Yes, I went to the (not-so-) greenmarket today despite the single-digit temps. I wore three shirts, a sweater, and a sweatshirt under my jacket, plus a pair of super-thick knee-socks over my regular socks and leggings under my jeans. It was a real chore getting my boots on over all that stuff.

But in addition to making me weirdly off-balance, my frozen brain tissue couldn't recall much about my trip, other than I bought potatoes, carrots, and other predictable things. I had to swing by Whole Foods as well, for non-starchy vegetables, and I picked up some crimini mushrooms which I'll pair with my greenmarket leeks in a brown-rice risotto (to serve with sautéed greens) if I can drag myself out of our cozy bedroom lair long enough to cook it.

Currently I've got a batch of vegetable stock bubbling away (okay, simmering gently, but that's not as merry an image) on the stove, and I'm trying to think of something I can bake to heat up the house a bit more. I guess I should have thought of that before buying that delicious loaf of spelt bread at the market today.

Okay, back to hibernating. Will post recipe if risotto happens and is worthwhile.

Sunday, January 11, 2009

Birthday books!

I just ordered these books as a belated birthday gift to myself:
Excitotoxins by Russell Blaylock, On Food And Cooking by Harold McGee, Know Your Fats by Dr. Mary Enig, Good Calories, Bad Calories by Gary Taubes, and The Joy Of Pickling by Linda Ziedrich.

Saturday, January 10, 2009

Return to USG: they may not be so pretty, but they're dinner

It was a lovely cold clear morning at the USG - I am so glad to be back!

Super Roots:
2 1/2 lbs. soup carrots
1 lb. yellow carrots
1 lb. eating carrots
2 celery roots
3 lbs. parsnips
1 lb. burdock root
3 lbs. Yukon gold potatoes
1 lb. shallots
4 lbs. onions
1 head Shaman garlic
1 head cabbage
4 lbs. "bargain" apples
2 1/2 lbs. Mutsu apples
1 lb. Macoun apples
Total spent: $42.50

Once again reconfigured for construction, the USG was short a lot of vendors, and selection was limited to the season's slim selection of hearty roots (and the odd greenhouse-grown delicacy), but I managed to get enough food to fill all three of my shopping bags and test the strength of my shoulders and arms.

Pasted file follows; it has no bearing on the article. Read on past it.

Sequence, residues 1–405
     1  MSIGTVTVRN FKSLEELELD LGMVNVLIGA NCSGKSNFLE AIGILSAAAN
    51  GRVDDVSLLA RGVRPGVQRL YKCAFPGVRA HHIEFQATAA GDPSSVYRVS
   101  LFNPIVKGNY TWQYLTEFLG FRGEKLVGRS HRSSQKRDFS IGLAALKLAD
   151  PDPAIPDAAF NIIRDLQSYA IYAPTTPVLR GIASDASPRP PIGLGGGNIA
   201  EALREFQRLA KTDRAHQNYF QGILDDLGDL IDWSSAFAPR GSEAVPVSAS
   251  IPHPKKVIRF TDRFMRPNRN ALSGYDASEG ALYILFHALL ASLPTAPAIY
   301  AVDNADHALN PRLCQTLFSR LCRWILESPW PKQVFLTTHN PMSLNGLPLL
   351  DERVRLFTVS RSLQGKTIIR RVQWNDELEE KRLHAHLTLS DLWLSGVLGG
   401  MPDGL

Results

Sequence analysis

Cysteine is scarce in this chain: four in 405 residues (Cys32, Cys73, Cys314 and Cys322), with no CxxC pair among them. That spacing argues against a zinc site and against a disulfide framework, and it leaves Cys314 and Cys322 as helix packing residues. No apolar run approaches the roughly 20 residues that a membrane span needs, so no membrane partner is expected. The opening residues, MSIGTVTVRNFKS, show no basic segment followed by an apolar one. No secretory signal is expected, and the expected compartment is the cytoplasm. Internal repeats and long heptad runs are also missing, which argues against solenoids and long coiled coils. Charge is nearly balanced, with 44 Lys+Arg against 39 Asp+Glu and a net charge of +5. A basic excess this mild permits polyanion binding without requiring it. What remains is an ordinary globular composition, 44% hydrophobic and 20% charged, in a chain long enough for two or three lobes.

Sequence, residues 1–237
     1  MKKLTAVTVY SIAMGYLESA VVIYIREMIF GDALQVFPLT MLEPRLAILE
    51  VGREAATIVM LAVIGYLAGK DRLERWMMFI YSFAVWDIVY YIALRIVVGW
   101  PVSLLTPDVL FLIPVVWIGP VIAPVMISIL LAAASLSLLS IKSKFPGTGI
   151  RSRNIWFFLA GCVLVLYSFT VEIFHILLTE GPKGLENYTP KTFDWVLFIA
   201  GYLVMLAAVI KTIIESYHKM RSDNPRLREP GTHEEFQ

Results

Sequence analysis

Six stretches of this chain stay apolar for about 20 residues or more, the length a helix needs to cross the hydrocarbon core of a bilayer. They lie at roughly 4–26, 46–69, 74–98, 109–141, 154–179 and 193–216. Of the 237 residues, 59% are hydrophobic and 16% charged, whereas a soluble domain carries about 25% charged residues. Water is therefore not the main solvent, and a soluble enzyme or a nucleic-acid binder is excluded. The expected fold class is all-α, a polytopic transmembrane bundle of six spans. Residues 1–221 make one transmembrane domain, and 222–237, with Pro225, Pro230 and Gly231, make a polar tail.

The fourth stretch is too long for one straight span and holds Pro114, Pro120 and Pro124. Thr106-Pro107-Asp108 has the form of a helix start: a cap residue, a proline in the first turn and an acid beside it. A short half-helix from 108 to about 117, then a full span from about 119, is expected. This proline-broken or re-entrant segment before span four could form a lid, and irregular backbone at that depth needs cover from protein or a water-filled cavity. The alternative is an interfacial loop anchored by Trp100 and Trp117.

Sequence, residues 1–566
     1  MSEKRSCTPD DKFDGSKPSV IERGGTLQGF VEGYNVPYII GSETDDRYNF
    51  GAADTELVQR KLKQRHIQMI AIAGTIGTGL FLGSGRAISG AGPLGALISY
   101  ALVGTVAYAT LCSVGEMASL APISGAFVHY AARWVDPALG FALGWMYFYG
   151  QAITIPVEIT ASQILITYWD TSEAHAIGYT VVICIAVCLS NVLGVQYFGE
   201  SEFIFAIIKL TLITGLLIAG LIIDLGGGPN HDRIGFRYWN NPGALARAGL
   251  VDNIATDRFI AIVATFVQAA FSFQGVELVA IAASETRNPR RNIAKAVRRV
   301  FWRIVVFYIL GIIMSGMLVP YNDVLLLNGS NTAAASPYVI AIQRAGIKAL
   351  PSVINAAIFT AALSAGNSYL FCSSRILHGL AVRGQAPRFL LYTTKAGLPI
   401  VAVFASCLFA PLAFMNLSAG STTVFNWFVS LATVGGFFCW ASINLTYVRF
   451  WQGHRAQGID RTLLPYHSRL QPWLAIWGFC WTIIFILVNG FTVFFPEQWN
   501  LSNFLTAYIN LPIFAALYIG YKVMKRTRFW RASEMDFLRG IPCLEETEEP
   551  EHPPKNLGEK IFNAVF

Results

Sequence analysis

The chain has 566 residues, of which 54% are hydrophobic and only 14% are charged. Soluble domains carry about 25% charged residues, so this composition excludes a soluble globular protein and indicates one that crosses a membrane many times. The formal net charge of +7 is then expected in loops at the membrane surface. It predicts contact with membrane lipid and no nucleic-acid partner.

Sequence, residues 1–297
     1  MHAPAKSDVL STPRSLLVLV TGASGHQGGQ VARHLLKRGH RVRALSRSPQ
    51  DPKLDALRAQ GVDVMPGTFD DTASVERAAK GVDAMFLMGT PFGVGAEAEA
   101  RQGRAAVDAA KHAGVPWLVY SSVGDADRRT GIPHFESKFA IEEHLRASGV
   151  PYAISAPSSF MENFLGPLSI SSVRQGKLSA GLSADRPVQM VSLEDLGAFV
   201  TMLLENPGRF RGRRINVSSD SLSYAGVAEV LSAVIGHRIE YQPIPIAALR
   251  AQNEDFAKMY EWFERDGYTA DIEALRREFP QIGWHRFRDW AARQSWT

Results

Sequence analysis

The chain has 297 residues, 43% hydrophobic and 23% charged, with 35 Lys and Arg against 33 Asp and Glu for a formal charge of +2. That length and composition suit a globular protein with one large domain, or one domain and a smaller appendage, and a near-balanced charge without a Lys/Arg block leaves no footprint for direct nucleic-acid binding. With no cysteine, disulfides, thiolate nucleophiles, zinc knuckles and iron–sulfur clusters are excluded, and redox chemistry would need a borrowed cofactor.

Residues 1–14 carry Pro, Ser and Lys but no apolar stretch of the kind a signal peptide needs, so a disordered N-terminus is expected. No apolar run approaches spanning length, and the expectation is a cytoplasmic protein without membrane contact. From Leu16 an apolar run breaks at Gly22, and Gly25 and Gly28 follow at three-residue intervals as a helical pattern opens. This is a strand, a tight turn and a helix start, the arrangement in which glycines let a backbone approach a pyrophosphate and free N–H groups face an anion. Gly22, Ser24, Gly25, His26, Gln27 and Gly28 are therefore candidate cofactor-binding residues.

As the photo above indicates, I've got a red lentil and root vegetable stew simmering on the stovetop at the moment - not really a recipe dish but here's what I've done so far:
    I sauteed one onion (medium dice) in sixish tbsp olive oil and a pinch of salt until golden, added 4 cloves minced garlic and 1/2 tsp each sage and thyme, and cooked that about a minute;
    then I added 2 large yellow carrots, 2 medium orange carrots, one parsnip, and two 12" burdock roots, cut very roughly into 3/4"-1" pieces, stirred well, and sauteed uncovered for a few minutes, then covered and cooked about five minutes;
    at this point I added 4 cups homemade vegetable stock, 2 cups rinsed red lentils, several pinches of salt, 2 bay leaves, and a 3" piece of kombu; I brought this to a boil then turned it down to a simmer.
    When my lentils have disintegrated and my vegetables are tender, I'll season to taste with salt, pepper, and lemon juice, and serve the stew with some of the whole-wheat bread I just took out of the oven.

I'm hoping the stew tastes good (I have never cooked with parsnips or burdock root at home before) and that the bread isn't underbaked. Fingers crossed!

Some of the rest of the vegetables will go into more stock (I'm down to one quart in the freezer), some into practicing one of the recipes for my group's upcoming Friday Night Dinner, and some will be featured in a week of what I'm guessing will be very similar meals.

I did buy some non-local collards and kale at the grocery, and will probably get some more Satur Farms mesclun mix at Whole Foods, my new pricey addiction. All in all, I'm feeling stocked up and looking forward to much better meals than my pantry-relying creations of last week (although I did come up with a lovely black bean soup).